Switching from Vagrant to Docker for WordPress Development

These past few weeks I’ve been experimenting with Docker as an alternative to Vagrant (and VVV) for WordPress development.

I had looked into Docker in the past, but given how easy Vagrant and VVV were, I was in no hurry to switch. VVV still is awesome (there is an excellent getting started guide here), but since settling on Vagrant, the tools and ecosystem around Docker have significantly improved.

Mainly to satisfy my own curiosity, but also hoping to use less system resources (since I currently code on a Macbook Air) I finally gave Docker a fair chance. I wanted to share some of the things I’ve learned over the past week whilst switching.


Building a cross-browser compatible, multi-handle range slider

Range Inputs are HTML elements which let users select a numeric value between a specified minimum and maximum value. They support single values by default.

As part of the WooCommerce Blocks project we’ve been working on converting WooCommerce widgets to Gutenberg blocks. One of those happens to be a price slider which currently uses jQuery UI. For blocks we’re using React.

Rather than use a library, we were really keen to use native range inputs to keep our dependencies to a minimum, and so the range inputs were semantic and keyboard accessible. Our idea was to overlay 2 range sliders to form a single component.

After working on this, I’d like to share some of my findings. Spoiler alert, the final slider looks like this:

The finished slider

I made a Super Mario Themed Nursery

Last year, before the birth of my first son, I was able to get creative and decorate the nursery. Being a huge fan of video games (and retro style graphics!) logically I chose a Super Mario theme for the room and set about making plans to create a large wall mural and other themed objects (as well as doing the boring adult stuff like flooring and painting the walls).

It took approximately 2 months to get everything completed, and a lot of that was lead time on the custom things I needed to order. I do wish I took more shots during the build, but alas I didn’t think I’d be blogging about it. Maybe next time!


How we’re tackling GDPR in WooCommerce core

What we’re up to in WooCommerce land right now.


Debugging “unexpected token” in WooCommerce 2.4+

When the WooCommerce checkout is processed it requires that gateways return an array (which is then converted into JSON) telling the checkout whether or not it was successful. It’s been this way since v1. Here is a basic example from the PayPal gateway:

return array(
    'result'   => 'success',
    'redirect' => $paypal_request->get_request_url( $order, $this->testmode )

The above for example returns a successful response and tells the checkout to redirect the user to the URL provided.

In 2.4+ this was made more strict in that the response must be valid JSON. Anything else in the response (such as HTML, notices or whitespace) will invalidate this JSON and you may see an error along the lines of:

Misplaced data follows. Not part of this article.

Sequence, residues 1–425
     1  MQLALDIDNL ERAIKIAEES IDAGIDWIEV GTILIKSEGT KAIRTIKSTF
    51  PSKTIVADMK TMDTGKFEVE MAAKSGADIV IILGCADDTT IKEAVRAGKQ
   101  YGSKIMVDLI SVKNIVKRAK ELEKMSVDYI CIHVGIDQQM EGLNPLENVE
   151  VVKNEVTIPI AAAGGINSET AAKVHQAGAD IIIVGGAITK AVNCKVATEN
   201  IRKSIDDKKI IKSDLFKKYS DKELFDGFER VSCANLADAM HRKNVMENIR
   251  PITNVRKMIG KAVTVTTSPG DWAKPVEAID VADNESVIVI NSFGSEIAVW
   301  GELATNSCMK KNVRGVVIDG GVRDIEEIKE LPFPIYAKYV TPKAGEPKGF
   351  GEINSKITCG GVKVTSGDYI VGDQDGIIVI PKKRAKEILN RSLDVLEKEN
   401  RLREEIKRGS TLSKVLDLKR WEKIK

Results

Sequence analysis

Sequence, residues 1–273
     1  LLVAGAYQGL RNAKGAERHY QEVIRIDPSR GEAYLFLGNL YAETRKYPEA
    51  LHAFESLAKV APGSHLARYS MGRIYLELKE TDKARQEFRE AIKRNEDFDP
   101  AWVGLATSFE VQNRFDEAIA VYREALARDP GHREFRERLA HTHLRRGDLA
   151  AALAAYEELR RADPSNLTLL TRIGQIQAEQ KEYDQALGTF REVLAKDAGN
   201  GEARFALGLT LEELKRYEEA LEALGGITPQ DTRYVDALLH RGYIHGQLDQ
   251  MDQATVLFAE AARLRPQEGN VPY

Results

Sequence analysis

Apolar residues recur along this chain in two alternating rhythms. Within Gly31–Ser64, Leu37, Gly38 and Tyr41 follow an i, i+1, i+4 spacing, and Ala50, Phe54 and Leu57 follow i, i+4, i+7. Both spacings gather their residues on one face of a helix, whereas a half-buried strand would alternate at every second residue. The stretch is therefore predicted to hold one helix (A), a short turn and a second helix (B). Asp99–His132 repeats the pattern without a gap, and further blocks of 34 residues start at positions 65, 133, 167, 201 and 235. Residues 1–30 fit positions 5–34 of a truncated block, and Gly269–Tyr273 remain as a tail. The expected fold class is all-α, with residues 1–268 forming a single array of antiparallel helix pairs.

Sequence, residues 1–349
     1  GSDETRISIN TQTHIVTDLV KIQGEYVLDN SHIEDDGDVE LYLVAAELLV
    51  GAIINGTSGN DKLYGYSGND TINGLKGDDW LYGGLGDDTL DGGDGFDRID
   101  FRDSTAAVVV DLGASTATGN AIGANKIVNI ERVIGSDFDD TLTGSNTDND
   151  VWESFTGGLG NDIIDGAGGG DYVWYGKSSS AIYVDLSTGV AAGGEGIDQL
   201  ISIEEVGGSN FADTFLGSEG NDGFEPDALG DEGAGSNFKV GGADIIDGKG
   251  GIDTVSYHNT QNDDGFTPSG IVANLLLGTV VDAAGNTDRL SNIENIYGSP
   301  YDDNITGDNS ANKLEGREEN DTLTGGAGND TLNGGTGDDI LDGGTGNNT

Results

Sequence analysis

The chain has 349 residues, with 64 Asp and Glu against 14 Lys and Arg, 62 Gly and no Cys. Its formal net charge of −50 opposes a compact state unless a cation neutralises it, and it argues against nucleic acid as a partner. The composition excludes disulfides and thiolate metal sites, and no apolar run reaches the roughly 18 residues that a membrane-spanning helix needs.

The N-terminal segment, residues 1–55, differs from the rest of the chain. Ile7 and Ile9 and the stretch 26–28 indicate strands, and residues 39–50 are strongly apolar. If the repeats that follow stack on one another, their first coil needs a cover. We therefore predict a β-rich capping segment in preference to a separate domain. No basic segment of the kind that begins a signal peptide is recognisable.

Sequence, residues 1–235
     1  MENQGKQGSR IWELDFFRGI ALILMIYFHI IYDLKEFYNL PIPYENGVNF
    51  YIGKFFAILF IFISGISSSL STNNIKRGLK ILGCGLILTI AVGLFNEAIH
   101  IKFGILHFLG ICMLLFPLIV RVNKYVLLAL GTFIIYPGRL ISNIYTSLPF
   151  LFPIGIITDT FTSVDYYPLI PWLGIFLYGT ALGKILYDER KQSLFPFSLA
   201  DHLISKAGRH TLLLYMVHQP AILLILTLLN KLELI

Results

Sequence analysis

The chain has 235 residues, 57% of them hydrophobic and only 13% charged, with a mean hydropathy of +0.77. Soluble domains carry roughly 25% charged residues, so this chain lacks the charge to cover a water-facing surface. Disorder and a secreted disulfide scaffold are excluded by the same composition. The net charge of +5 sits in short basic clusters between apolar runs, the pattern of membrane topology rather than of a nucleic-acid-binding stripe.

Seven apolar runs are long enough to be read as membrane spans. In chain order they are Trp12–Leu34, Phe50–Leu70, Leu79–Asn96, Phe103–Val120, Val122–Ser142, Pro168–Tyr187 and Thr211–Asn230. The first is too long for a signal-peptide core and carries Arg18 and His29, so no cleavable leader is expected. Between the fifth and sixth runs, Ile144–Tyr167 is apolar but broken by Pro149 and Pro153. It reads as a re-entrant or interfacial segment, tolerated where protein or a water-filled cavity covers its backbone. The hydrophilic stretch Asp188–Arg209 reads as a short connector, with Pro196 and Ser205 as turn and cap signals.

SyntaxError: Unexpected token

WooThemes own gateways have all been tested for 2.4, however, we’ve seen some less-supported gateways break due to returning invalid content.

I’ve seen a few vocal users complaining about this recently on the forums (some even feeling the need to attack me personally, thanks guys) and thought it best to post a few steps on how you can narrow down the issue.

First off its always best to rule out your plugins and theme by disabling them, even though a lot of users seem to ignore this step. It is only temporary and helps narrow down the issue. Much better than shouting at me on

Lets assume this does not narrow down the issue for a moment. How would you know if content is being output? The answer is in your browser console.

Lets simulate an error. In the paypal gateway, just before the array is returned I’ll add:

trigger_error( 'Uh oh' );

This triggers the error as expected:

2015-11-12 at 16.29

Now lets try to debug this like someone who does not know where the error is coming from.

In Chrome, go to View > Developer > Javascript Console whilst viewing the checkout.

Now trigger the error again.

After the error is shown, in the console go to the Network tab and click XHR:

2015-11-12 at 16.31

In the list you’re see one which looks like this: ?wc-ajax=checkout. Click on that and go to the response tab:

2015-11-12 at 16.32

Notice in my above example, there is the notice. This invalidates the JSON.

A valid JSON response {starts and ends with a bracket} – if there is an error, white space or content before or after those brackets, that is your issue.

In some cases the error will be obvious and allow you to patch or disable the cause.

Hopefully that helps.


User onboarding for WordPress plugins slides #WCNL

Today I did a talk at WordCamp Netherlands on user onboarding for WordPress plugins. This was my first ever WordCamp talk and it was an interesting, but nerve-wracking, experience. My slides for the presentation are below. Thanks to everyone who attended, and I hope it was useful.!

User onboarding for WordPress plugins from mikejolley86